Investigating the Potential Utility of Environmental DNA to Provide a Relative Abundance Index for the Depleted Teleost, Mulloway, Argyrosomus japonicus

Meaghan L. Rourke, Matt K. Broadhurst, Ashley M. Fowler, Jackson Wilkes Walburn, Julian M. Hughes, Donald Stewart Fielder, Joseph D. DiBattista, Elise M. Furlan

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Abstract

Non-invasive, low-cost methods for censusing depleted fish populations are being prioritised among many jurisdictions worldwide. Collecting environmental DNA (eDNA) could offer one such option for augmenting fish population assessments. However, candidate species need to be carefully selected because species-specific DNA shedding and decay rates are affected by many biotic and abiotic factors that may influence relative abundance estimates. In this study, we sought to ascertain if the eDNA of a depleted Australian teleost, mulloway, Argyrosomus japonicus, reflects its weight under controlled aquaria conditions. With four experiments, we investigated the relationships between mulloway eDNA concentrations and their weight tank−1 as a function of: (1) time post-tank establishment; (2) water temperatures (within the species’ tolerance range); (3) stocking densities; and (4) among individual, similar-sized fish. The concentrations of eDNA in tanks stabilised after six days, and a positive relationship was found between fish weight and eDNA concentration, despite some variability in shedding rates by similar-sized fish. There was also a positive effect of water temperature on eDNA concentrations, which reinforces the need to control for such abiotic factors. We conclude that there is strong utility in applying eDNA concentrations as an index of relative abundance for mulloway under controlled conditions, which justifies future field-based investigations.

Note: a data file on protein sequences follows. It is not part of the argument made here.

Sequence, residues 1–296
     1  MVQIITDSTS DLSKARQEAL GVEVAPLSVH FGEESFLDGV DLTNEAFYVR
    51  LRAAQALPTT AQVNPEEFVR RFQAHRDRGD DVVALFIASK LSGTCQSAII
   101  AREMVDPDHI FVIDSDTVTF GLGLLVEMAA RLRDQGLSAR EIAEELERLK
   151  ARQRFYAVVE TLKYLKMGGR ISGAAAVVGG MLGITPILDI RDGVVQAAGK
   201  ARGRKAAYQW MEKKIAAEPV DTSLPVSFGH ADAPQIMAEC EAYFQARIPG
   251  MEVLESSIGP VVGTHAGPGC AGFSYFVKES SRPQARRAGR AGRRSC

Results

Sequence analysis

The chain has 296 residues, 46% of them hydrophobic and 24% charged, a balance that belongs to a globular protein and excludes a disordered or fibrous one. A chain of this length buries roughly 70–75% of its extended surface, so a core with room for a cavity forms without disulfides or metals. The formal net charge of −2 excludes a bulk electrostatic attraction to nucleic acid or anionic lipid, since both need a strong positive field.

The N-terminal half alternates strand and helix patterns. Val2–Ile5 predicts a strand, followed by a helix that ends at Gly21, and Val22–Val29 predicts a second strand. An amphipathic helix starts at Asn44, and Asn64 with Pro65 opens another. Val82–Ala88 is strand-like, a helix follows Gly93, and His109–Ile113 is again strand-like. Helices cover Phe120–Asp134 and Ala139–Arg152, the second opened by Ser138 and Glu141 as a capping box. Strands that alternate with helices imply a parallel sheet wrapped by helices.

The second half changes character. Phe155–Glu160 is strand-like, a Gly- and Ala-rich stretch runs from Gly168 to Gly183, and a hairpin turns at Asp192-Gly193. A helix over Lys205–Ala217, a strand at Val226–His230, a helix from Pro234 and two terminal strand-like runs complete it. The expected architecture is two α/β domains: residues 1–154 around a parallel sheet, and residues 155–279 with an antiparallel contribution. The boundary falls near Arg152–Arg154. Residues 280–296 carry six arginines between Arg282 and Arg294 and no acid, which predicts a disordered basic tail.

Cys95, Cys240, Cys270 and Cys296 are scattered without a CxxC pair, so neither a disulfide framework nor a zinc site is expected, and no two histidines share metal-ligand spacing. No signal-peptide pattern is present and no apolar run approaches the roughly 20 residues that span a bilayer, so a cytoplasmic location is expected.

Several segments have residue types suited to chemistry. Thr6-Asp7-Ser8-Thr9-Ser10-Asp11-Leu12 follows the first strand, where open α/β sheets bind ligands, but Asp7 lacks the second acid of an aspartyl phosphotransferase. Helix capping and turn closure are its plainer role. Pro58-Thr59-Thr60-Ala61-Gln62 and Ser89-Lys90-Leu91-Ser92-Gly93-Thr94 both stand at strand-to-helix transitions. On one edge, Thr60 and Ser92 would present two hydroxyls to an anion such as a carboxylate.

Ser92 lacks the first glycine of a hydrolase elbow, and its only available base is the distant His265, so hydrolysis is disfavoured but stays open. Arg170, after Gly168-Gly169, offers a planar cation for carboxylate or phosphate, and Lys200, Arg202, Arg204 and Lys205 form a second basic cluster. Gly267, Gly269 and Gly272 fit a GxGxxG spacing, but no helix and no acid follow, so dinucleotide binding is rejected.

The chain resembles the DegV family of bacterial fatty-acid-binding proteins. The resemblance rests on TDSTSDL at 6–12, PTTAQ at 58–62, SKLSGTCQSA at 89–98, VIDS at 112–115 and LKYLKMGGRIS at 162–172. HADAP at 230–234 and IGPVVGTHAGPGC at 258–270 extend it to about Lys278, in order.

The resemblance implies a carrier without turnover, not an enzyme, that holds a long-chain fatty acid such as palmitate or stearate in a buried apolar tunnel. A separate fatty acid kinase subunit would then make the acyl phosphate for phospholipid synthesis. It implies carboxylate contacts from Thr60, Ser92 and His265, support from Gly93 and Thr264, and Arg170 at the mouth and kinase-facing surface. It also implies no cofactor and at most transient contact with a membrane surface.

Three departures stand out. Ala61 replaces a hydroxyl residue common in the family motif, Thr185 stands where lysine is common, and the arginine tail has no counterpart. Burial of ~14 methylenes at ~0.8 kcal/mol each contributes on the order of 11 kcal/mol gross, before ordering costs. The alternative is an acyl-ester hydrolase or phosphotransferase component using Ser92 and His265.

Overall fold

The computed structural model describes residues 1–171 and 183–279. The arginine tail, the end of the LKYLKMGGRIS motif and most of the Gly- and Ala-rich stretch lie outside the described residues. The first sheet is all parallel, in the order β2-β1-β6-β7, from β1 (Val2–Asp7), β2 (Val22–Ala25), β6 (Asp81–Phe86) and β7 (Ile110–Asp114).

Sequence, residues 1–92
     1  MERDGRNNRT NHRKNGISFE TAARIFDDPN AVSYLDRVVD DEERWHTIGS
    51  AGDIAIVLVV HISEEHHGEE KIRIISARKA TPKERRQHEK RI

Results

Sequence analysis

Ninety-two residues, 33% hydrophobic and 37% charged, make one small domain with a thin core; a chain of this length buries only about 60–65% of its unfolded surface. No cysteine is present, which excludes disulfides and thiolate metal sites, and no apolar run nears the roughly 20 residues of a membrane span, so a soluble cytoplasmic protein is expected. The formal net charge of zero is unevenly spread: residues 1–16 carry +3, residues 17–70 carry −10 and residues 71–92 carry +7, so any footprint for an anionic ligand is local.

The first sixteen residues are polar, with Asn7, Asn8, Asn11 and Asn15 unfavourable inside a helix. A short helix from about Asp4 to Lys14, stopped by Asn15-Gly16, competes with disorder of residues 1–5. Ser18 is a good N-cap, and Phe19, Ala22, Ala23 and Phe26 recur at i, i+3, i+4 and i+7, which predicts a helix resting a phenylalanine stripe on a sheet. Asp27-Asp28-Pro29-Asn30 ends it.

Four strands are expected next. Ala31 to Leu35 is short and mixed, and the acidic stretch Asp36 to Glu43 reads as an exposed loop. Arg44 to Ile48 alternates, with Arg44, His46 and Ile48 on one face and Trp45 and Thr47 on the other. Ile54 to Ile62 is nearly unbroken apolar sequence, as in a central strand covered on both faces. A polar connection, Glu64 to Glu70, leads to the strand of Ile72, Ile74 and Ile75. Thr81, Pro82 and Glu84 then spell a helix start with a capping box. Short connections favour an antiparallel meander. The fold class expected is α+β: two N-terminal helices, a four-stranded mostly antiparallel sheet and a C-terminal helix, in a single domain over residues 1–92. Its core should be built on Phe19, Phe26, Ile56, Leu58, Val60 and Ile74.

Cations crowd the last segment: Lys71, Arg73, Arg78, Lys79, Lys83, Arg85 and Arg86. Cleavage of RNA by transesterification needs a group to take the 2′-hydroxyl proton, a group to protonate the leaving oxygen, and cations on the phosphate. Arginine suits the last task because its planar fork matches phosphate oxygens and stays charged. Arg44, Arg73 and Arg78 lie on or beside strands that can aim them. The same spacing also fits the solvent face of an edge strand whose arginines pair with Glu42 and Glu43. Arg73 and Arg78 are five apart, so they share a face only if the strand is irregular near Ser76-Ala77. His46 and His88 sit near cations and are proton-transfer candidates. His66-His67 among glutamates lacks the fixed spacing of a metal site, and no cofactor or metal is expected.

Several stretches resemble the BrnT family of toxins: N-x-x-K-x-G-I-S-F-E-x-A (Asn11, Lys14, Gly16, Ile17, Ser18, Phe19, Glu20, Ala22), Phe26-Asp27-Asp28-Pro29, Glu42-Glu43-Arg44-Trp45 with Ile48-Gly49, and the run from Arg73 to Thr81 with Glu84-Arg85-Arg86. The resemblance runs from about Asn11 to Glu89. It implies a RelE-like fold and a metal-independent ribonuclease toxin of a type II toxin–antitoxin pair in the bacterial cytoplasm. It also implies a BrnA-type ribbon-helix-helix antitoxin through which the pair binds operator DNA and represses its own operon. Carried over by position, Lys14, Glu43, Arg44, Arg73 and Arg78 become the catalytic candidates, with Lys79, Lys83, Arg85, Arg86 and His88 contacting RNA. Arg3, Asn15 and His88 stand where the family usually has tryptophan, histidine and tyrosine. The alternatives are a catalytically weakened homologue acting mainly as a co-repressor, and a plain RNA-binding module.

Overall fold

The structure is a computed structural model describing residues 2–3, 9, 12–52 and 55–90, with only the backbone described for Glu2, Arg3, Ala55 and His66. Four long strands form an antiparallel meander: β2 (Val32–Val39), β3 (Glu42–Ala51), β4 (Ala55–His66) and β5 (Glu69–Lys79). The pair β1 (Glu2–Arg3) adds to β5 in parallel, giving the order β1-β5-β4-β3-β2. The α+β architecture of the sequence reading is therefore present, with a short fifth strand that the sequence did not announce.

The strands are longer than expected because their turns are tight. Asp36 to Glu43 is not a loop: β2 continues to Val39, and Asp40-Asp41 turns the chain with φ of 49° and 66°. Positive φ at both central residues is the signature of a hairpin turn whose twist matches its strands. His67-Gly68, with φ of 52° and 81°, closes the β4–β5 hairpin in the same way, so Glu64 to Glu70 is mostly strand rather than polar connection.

Original languageEnglish
Article number322
Pages (from-to)1-12
Number of pages12
JournalDiversity
Volume15
Issue number3
DOIs
Publication statusPublished - 22 Feb 2023

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